The year 2012 started with Laura Dekker, a sixteen year old Dutch/German/New Zealander becoming the youngest person to circumnavigate the globe single-handed in a boat. (Read: ‘The Lure of Going on A Limb’) That was on the 21st of January. The year ended with a 23 years old girl in Delhi being gang-raped in a bus (on the evening of 16 Dec); which finally resulted in her death (13 agonising days later). A newspaper called her Nirbhaya (Hindi for Fearless) not only in deference to the identity of a rape victim to be protected but also to express the hope that human spirit can never be crushed even by the act of the rapists.
Nevertheless, we in India, and especially our women, cannot be faulted in forming the opinion that it is easier for a girl to go around the earth in a boat; but, it is fraught with untold dangers and risks for her to take a bus-ride in Delhi, the (rape) capital of India.
Similarly, on 15th of Oct this year Felix Baumgartner jumped from the edge of space and had a free-fall so as to break the sound-barrier at Mach 1.24 or 833 mph. He jumped from a height of 128,000 feet or 25 miles and landed safely in the desert.
A week before that, The Times of India reported that one in every ten deaths in road accidents in the world occur in India; which is in sharp contrast to India having only 1% of vehicles in the world. This makes it 14 people dying of road accidents in India every hour. We don’t have to go to the edge of the space and jump to get the thrill of near death; we get it everyday on our roads. Yes, the authorities are to be blamed for the poor state of our roads. However, making driving dangerous in India is our own doing. We have no one to blame. (Read: ‘Why Must We Love Indian Roads’ and ‘We Are Like That Only’ and ‘If You Drive In India – Part I’, and Part II)
India now has some of the richest people in the world. We have as many as 61 billionaires (counting only those with declared income and not the Ponty Chadha types who grew empires under the very nose of the authorities). The Forbes magazine reported in Oct 2012 that the net worth of 100 richest Indians is $ 250 billion. The estimate of our GDP is $ 1.84 trillion. We are now the tenth largest economy in the world in real terms and third largest in purchasing power parity. And yet, we have the largest populations of poor in the world; a UN Survey in Nov 2011 showed that in the eight northern states of the country we have more poor than in the whole of African continent. Our farmers routinely commit suicide unable to pay loans they take for crops. We are ranked between 120 to 150 in all indices of human growth. However, our state arrogance routinely tout us as very close to becoming a “world power”. We have between 40 to 60 per cent of our people living below the UN designated $1.25 per day mark for poverty.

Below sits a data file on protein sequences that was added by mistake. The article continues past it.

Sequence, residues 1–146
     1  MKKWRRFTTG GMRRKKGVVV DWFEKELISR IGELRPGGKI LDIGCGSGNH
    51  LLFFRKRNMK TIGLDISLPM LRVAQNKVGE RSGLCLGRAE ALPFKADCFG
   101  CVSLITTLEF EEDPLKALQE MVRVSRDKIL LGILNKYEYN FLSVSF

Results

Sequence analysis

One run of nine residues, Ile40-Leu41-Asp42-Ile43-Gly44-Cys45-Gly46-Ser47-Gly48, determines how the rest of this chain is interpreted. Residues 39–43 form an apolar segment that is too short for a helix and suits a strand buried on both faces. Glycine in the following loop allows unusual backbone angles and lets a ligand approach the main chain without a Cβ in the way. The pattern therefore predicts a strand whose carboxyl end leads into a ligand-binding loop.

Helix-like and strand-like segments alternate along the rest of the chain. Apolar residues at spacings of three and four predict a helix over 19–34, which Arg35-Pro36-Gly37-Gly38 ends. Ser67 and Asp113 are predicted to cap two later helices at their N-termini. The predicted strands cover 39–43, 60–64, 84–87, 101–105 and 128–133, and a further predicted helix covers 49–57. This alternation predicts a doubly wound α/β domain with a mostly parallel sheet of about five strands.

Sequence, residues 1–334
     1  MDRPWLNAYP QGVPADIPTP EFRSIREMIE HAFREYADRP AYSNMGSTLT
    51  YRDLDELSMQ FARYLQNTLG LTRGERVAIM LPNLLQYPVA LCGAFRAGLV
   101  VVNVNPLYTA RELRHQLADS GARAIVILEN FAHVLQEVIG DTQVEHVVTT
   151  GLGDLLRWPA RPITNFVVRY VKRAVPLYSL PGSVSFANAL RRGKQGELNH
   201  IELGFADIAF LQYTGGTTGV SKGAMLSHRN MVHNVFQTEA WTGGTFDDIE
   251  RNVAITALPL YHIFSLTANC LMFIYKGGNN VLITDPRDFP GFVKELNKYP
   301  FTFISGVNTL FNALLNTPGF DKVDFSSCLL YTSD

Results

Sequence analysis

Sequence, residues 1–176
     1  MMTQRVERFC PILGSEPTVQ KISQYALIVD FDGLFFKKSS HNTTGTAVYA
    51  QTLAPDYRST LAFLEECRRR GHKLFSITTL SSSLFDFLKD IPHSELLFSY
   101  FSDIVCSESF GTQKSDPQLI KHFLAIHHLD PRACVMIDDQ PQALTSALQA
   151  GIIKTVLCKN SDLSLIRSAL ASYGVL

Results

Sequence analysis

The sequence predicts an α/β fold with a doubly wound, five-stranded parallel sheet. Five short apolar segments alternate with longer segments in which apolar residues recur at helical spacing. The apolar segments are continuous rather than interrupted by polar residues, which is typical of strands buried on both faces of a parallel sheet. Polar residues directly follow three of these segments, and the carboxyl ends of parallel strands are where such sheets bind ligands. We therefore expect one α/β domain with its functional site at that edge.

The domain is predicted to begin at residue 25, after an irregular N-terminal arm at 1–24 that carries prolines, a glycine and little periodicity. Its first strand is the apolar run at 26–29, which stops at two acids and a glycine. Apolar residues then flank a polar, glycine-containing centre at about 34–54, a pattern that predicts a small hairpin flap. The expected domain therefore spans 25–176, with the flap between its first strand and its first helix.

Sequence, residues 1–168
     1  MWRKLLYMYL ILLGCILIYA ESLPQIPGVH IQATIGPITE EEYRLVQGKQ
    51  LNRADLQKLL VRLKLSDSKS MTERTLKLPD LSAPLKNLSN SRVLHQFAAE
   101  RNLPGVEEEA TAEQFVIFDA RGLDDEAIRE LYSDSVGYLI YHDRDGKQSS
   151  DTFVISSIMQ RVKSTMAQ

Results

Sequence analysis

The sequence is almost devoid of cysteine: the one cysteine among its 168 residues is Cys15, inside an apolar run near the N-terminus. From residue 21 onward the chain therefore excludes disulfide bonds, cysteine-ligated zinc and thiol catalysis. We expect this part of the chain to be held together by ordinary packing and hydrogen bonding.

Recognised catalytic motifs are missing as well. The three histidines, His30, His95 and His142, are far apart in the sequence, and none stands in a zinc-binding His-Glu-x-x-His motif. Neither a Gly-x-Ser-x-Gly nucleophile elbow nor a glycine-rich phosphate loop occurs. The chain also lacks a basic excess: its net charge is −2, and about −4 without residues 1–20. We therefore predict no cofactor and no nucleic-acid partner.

One in every six people in the world is now an Indian. Yet, in the Olympics, with our best performance ever in the number of medals (2 silver and 4 bronze) we were ranked 55th. (Read: ‘Olympics Are Biased Against Indians’) Cricket is the only game in which we are somewhere in the top; but, getting there makes us so complacent that we again start competing for the bottom immediately after reaching those heights. Indeed, a jamboree called IPL shows that we like to gloat in money power more than any finesse in the actual game.
Our judicial system is so bad (Read: The Great Indian Judicial Circus) that most Indians do not hope to get any justice during their life-time. The Times of India reported on 05 Oct 2012 that we have now 43.22 Lakh cases waiting only in High Courts. As far as numbers in lower courts are concerned one can only say that whilst in positive indices we are at the rock-bottom, in negatives (like road accidents) we are the toppers.
On 5th of Dec this year The Indian Express reported that despite all the focus on anti-corruption campaigns in India (Read: ‘Anna Hazare and the Indian Democracy’; and ‘Anna Hazare and the Indian Middle Class’; and ‘Indians Bartering Character for Prosperity’), India is ranked 94th in Corruption Perception Index (CPI)Ratings by Transparency International.
Our cities and towns are now unliveable with filth and chaos everywhere. Diseases like dengue are assuming alarming proportions (Read my humorous take on potential for energy through waste: Good New for Mumbai). Mumbai recently got ranked as the filthiest big city in the world and Delhi is not far behind.
I can go on and on. Lets see where the hope lies. Some said at the height of our anti-corruption demonstrations this year that the end of patience of our people has been reached and people are now prepared to show zero-tolerance towards corruption. My take on this was that corruption doesn’t exist only in higher circles in India; we are all part of it when we indulge in petty bribe taking and giving. We too have to stop this scourge from spreading just as we accuse those in power.
One of the best programmes that came about the problems that the country faces was Aamir Khan’s Satyamev Jayate. The programme research and presentation were of very high order. It cautioned people against seeking quick-fix solutions but wanted people to at least take the first steps towards putting things right. (Read: ‘Born Free? Satyamev Jayate? Lets Work Towards It’)
That outstanding programme shouldn’t be a distant memory with us as we show angry response from one issue to the other. As 2012 comes to an end lets all resolve that we shall actually do all those things that are necessary to make India a great country and Indians happier, safer, securer, healthier and more knowledgeable.
Here is wishing all my readers a very happy new year: 2013.
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